Colin Murdoch

Colin Murdoch

Dairy Farmer

  • 180 Holsteins averaging 8,200 litres
  • Costs reduced by £28,000 in 6 months
  • Concentrate use reduced by 75 tonnes, saving £15,000
  • Fertiliser use reduced by £8,000
  • Silage requirement reduced, which will reduce contractor cost by about £5,000
  • Sward improved with more clover appearing

Considerable saving from zero grazing

By changing from turning out their cattle in the summer to all-year housing and zero grazing, not only have dairy farmer’s James Murdoch & Co considerably improved their grass utilisation, but just as importantly they cut their concentrate bill in six months by at least £15,000 last year, with potentially higher savings possible this year.

Like many livestock farmers in the west of England and Scotland, the Murdoch’s have no problem growing grass, but in recent wet spring and summer’s it’s the damage caused by poaching that has resulted in soil damage and reduced grass utilisation.

Last year, having turned out their 180-cow Holstein herd in mid June onto a grazing platform of about 40ha, due to the wet conditions the cows were back inside on July 19th and having been considering zero grazing for the previous 18 months, Colin Murdoch decided to go ahead and buy a Grass Tech GT160 zero grazer.

“The most immediate effect of changing to zero grazing is that in addition to a longer grazing season, the area needed is reduced,” says Colin. “Instead of 40ha, with zero grazing we only needed 32ha. This was cut on a 30 day rotation but hopefully we can tighten that a little. It also enabled us to make better use of slurry, as no fertiliser was applied after first cut. Instead slurry was initially injected at 28,000 litres a hectare and after that spread at 22,400 litres a hectare.”

“Overall, this has saved us about £8,000 in fertiliser cost. And this year, because we will require less silage, most of which can come from first cut silage, this will save a further £5,000 in contractor cost.”

However, one of the biggest savings that the Murdoch’s have seen is in concentrate usage, which Colin says in the 6 months they were zero grazing last year was reduced by 75 tonnes, so saving around £15,000.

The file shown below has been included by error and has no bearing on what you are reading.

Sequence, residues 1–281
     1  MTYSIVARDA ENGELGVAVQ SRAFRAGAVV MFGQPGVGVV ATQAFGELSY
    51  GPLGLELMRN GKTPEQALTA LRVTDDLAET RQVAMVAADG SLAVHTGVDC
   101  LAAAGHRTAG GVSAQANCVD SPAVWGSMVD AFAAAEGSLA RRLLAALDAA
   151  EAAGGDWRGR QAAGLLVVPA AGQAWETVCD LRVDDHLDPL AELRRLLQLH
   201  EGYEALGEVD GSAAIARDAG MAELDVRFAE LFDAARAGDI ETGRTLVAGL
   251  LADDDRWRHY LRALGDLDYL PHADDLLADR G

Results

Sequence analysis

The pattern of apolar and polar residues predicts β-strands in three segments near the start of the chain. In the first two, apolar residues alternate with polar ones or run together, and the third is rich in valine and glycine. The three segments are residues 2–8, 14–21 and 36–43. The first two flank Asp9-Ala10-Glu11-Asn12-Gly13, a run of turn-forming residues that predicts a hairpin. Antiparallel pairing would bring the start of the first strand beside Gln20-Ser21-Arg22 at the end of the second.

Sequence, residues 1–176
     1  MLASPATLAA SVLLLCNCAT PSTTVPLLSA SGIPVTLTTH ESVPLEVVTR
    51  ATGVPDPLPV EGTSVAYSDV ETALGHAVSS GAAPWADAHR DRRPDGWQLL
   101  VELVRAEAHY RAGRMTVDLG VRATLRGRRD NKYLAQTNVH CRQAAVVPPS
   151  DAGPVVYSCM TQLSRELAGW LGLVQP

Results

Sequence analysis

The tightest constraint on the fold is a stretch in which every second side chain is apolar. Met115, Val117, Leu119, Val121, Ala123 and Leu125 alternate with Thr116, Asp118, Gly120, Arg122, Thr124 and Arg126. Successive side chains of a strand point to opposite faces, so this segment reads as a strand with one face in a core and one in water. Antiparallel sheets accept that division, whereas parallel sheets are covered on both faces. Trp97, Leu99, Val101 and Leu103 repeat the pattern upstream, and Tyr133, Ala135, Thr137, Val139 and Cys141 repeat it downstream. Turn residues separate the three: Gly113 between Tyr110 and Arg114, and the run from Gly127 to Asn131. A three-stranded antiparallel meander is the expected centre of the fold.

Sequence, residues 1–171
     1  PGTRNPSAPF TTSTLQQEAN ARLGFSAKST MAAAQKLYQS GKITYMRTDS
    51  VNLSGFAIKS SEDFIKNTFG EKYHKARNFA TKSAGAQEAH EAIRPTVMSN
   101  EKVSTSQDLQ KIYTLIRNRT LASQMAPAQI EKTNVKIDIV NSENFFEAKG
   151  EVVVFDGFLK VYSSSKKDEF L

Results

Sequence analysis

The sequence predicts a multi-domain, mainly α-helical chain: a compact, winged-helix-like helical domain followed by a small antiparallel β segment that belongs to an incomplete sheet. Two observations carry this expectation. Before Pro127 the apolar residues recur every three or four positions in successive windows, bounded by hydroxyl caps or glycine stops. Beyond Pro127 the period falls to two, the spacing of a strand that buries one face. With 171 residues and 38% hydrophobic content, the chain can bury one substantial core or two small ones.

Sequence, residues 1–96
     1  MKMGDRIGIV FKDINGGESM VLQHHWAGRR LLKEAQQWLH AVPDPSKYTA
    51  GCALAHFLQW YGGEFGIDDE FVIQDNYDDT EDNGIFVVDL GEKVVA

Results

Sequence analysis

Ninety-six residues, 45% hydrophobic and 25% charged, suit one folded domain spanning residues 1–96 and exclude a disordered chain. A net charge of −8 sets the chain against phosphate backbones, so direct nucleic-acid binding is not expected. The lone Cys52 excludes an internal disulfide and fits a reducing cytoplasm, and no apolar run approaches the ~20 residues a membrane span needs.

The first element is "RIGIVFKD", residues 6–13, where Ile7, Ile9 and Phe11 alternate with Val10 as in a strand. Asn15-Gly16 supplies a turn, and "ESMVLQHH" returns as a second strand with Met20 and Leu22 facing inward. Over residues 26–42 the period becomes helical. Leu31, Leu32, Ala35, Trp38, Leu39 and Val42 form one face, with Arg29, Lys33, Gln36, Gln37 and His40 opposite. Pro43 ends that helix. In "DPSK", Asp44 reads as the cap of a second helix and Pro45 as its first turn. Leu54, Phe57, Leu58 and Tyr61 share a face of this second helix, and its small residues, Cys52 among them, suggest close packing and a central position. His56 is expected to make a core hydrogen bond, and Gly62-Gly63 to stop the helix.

“Overall, I reckon that we will be saving in the region of 7 pence per litre and I now wish that we had gone ahead with it sooner,” he says. “I had been considering zero grazing for a while because Holsteins don’t like grazing. They are designed to eat grass and plenty of it but seem to be far happier if the grass is brought to them. Their overall condition is better and conception rates have been great since we changed and all the cows have pedometers, so hopefully it should be easier to see when they are on heat.”

Farming near Kilmaurs near Kilmarnock, the herd averages 8,200 litres and while fed a TMR mix during the winter, previously would graze from May through to September, weather permitting, and be buffer fed haylage with an 18% cake in the parlour.

Under the new system, this year the cows will be housed all year round, but may be offered a loafing area should the Murdoch’s go ahead with a planned organic conversion. Having started zero grazing in March the cows will just be fed fresh grass through until October, when silage will be brought back into the ration until zero grazing finishes in November.

“Having changed to zero grazing and by also not using artificial fertiliser, it is noticeable how the sward has improved and how much clover is now appearing. Because the grass is improved, the cows in turn are performing better and this has benefitted butterfat levels which have risen from 4% to 4.4%,” says Colin.

“Changing to zero grazing will make us focus more on the yield of grass per acre and how we can maximise that. We already work on a 7 year rotation and use a mix of early and late perennials to spread maturity and avoid everything being ready at once. But if we go organic then we may reduce that to about 5 years and then bring in legumes or pulses.”

When it came to choosing which zero grazer to buy, having looked at a number of different makes, Colin says he opted for the Grass Tech Grazer because of its simplicity and build. “It’s simple, well made and the support from Grass Technology has been fantastic. I was put off the other European machines because they just did not seem strong enough for our conditions. Everything is hydraulically driven and works off the tractor, so there is very little to go wrong.”

“Since we bought it, we have had quite a lot of people come and have a look at it, and in addition to our own cows, we will this year also be harvesting for two other farms so will be feeding around 500 cows all together with it. Time and labour wise it’s no different to having to fetch cows in and it’s just easier both on us and the cows.”